Fragment of the 6th Pillar Edict of Ashoka (238 BCE), in Brahmi, sandstone, British Museum
Kandahar Bilingual Rock Inscription (Greek and Aramaic) by king Ashoka, from Kandahar. Kabul Museum.
Stone Sphere with Scenes of Rites at the Shrine of a Yaksha (male nature spirit) (Maurya period, 3rd century BCE)
Serpent Hood (Chunar sandstone) from Rajgir, ca. 3rd century BCE
Patna griffin.
Masarh lion.

The ringstone is a distinctive type of artefact and miniature sculpture made in India during the approximate period of the Mauryan Empire and the following Sunga Empire (187-78 BCE).

Datta dynasty

Dynasty of ruler who flourished in the northern India in the areas of Mathura and Ayodhya around the 1st century BCE – 1st century CE.

Coin of Ramadatta. Obv. Elephant facing. Rev. Standing figure with symbols.
Coin of Sivadatta, minted in Almora. Obv: railing with symbol between the posts. Obv: Sivadatasa, uncertain central symbol, margin: deer and tree within railing.
Coin of Uttamadatta.
Coin of Purushadatta.
Coin of Ramadatta.

It is thought that they replaced the Deva dynasty, which had originated with the rise of Sunga Empire Pushyamitra, and that they were in turn replaced by the Mitra dynasty.

Relics of Sariputta and Moggallana

The relics of Sariputta and Moggallana refers to the cremated remains of the Buddhist disciples Sariputta (Sanskrit: Śāriputra; Pali: Sāriputta) and Moggallana (Sanskrit: Maudgalyāyana; Pali: Moggallāna).

Sanchi stupa No 3, where the relics of Sariputta and Moggallana were first discovered
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Sketch made by Cunningham of the relic caskets of Sariputta and Maha Moggallana found at Sanchi, Stupa No 3
Alexander Cunningham, one of the archaeologists who made the discovery of the relics of the chief disciples
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Depiction of the Victoria & Albert Museum in 1873, then called the South Kensington Museum
The National Museum of Colombo (then called the Colombo Museum), where the relics resided for nearly two years after being returned by the British
Interior of the Dharmarajika Chetiya Vihara of the Maha Bodhi Society, where the relics were first stored upon their return to India. The return of the relics was considered one of the Society's greatest accomplishments.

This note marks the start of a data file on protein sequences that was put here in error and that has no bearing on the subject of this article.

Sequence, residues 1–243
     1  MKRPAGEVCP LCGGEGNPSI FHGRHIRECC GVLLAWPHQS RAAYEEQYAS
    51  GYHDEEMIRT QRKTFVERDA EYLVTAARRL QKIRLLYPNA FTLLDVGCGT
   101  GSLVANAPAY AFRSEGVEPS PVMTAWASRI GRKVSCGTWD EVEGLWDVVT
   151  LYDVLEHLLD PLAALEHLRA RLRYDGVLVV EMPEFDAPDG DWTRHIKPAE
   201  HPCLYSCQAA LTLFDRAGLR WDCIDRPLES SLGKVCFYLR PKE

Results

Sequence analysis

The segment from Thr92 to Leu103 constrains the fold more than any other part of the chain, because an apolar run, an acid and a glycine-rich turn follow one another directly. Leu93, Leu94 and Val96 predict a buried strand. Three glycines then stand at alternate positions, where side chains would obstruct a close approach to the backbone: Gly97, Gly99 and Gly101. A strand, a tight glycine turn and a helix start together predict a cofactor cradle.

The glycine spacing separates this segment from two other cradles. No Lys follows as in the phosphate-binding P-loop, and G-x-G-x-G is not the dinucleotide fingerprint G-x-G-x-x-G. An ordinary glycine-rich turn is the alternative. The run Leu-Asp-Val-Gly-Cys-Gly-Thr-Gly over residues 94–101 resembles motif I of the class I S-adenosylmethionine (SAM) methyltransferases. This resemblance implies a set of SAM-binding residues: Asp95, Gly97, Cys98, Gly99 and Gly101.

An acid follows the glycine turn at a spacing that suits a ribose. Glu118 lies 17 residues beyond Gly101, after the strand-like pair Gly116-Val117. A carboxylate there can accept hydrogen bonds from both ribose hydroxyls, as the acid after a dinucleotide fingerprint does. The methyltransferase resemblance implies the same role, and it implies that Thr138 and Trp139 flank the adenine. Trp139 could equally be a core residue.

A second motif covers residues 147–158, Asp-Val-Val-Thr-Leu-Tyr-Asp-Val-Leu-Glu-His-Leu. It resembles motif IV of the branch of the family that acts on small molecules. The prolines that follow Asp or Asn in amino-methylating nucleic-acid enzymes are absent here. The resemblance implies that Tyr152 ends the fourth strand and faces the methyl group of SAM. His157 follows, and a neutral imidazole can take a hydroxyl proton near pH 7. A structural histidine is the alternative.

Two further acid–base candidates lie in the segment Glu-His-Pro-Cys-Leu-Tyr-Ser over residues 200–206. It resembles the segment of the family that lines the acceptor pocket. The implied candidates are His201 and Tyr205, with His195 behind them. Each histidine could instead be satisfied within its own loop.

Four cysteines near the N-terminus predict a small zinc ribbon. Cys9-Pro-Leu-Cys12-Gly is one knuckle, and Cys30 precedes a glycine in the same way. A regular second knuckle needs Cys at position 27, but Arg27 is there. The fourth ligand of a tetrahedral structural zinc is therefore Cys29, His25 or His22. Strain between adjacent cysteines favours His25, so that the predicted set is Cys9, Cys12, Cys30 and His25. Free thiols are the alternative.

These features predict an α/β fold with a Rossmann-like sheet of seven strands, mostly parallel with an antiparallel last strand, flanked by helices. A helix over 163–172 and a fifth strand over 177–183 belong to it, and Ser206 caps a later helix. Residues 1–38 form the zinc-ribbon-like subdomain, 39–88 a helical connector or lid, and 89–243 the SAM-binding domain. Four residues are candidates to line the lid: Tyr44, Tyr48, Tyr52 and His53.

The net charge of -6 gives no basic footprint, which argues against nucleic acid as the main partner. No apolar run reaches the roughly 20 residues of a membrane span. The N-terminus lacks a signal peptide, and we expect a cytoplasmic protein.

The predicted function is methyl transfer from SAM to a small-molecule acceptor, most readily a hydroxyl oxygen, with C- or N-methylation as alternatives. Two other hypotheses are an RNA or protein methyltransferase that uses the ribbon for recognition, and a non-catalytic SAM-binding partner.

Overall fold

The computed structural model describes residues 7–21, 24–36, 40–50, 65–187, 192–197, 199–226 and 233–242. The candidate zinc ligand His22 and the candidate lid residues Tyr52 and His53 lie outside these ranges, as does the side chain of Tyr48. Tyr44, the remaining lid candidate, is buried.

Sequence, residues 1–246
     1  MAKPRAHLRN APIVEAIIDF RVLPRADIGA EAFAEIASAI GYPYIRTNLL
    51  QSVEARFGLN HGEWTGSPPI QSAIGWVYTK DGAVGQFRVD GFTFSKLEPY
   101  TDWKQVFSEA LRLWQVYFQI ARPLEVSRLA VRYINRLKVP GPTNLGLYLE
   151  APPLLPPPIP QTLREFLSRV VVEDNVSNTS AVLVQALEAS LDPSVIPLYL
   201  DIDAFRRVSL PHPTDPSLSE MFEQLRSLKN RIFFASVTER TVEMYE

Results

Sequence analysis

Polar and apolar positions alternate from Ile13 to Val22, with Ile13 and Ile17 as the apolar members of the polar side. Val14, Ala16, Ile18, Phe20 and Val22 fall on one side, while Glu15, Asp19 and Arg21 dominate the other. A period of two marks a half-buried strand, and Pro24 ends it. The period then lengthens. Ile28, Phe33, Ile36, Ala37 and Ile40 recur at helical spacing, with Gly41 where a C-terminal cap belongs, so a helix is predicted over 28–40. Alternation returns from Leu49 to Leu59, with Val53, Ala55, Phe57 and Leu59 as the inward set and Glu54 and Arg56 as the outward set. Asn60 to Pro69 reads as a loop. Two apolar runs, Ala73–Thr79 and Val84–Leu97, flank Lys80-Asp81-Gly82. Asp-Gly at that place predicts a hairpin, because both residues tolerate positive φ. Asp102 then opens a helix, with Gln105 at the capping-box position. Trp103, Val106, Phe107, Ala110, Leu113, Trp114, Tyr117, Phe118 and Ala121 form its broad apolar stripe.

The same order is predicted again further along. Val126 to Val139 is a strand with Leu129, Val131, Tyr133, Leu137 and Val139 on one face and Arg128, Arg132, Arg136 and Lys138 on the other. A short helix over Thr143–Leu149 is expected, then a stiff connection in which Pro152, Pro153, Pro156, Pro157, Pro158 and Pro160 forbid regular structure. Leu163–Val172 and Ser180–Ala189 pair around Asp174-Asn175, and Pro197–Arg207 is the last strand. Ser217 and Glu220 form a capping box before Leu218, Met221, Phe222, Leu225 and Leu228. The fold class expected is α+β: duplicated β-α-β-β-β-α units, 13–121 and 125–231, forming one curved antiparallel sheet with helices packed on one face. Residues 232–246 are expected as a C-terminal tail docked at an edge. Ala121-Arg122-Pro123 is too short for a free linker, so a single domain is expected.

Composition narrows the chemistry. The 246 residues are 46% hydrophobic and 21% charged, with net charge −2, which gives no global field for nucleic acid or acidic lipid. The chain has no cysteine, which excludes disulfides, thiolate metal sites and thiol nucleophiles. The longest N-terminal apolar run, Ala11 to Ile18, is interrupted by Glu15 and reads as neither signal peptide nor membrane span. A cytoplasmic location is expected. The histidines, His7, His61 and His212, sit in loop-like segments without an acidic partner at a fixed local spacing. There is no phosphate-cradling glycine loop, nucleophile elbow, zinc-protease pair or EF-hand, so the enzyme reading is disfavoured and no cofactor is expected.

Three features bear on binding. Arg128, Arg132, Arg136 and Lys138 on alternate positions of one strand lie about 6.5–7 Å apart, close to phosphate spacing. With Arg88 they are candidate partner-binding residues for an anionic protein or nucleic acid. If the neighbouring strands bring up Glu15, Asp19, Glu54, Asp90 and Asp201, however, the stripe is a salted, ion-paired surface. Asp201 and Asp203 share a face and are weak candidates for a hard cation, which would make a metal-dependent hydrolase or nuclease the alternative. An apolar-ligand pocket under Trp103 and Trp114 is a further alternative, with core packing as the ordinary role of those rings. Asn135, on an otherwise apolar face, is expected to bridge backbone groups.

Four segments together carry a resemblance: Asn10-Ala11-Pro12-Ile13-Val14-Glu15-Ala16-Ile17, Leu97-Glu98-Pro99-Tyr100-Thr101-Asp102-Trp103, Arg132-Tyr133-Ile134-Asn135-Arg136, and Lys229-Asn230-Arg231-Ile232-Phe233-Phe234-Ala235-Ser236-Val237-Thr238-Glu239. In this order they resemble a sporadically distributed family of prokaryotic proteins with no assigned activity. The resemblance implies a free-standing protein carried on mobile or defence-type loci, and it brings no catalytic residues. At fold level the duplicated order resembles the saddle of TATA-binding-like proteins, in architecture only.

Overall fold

The Kaba Aye Pagoda, where Burma's portion of the relics are enshrined.
The Mahabodhi Society, in Colombo, where Sri Lanka's portion of the relics are enshrined.
The Chethiyagiri Vihara in Sanchi, where India's portion of the relics are enshrined.

Scholars have also theorized that a Sunga king may have also done a similar redistribution and built stupas such as the one in Sanchi to enshrine them.

4

Number, numeral and digit.

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Two modern handwritten fours
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Four mugs
4 as a resin identification code, used in recycling
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International maritime signal flag for 4
Playing cards for 4

The Shunga would add a horizontal line on top of the digit, and the Kshatrapa and Pallava evolved the digit to a point where the speed of writing was a secondary concern.

Vikramaditya

Legendary king who has been featured in hundreds of traditional stories including those in Baital Pachisi and Singhasan Battisi.

A modern depiction of Vikramaditya in Ujjain
Chandragupta II on a coin
Contemporary artist's impression of a vetala hanging from a tree, with Vikramaditya in the background
Kalpasutra and Kalakacharya Katha manuscript

There is little possibility of an historically-unattested, powerful emperor ruling from Ujjain around the first century BCE among the Shungas (187–78 BCE), the Kanvas (75–30), the Satavahanas (230 BCE–220 CE), the Shakas (c.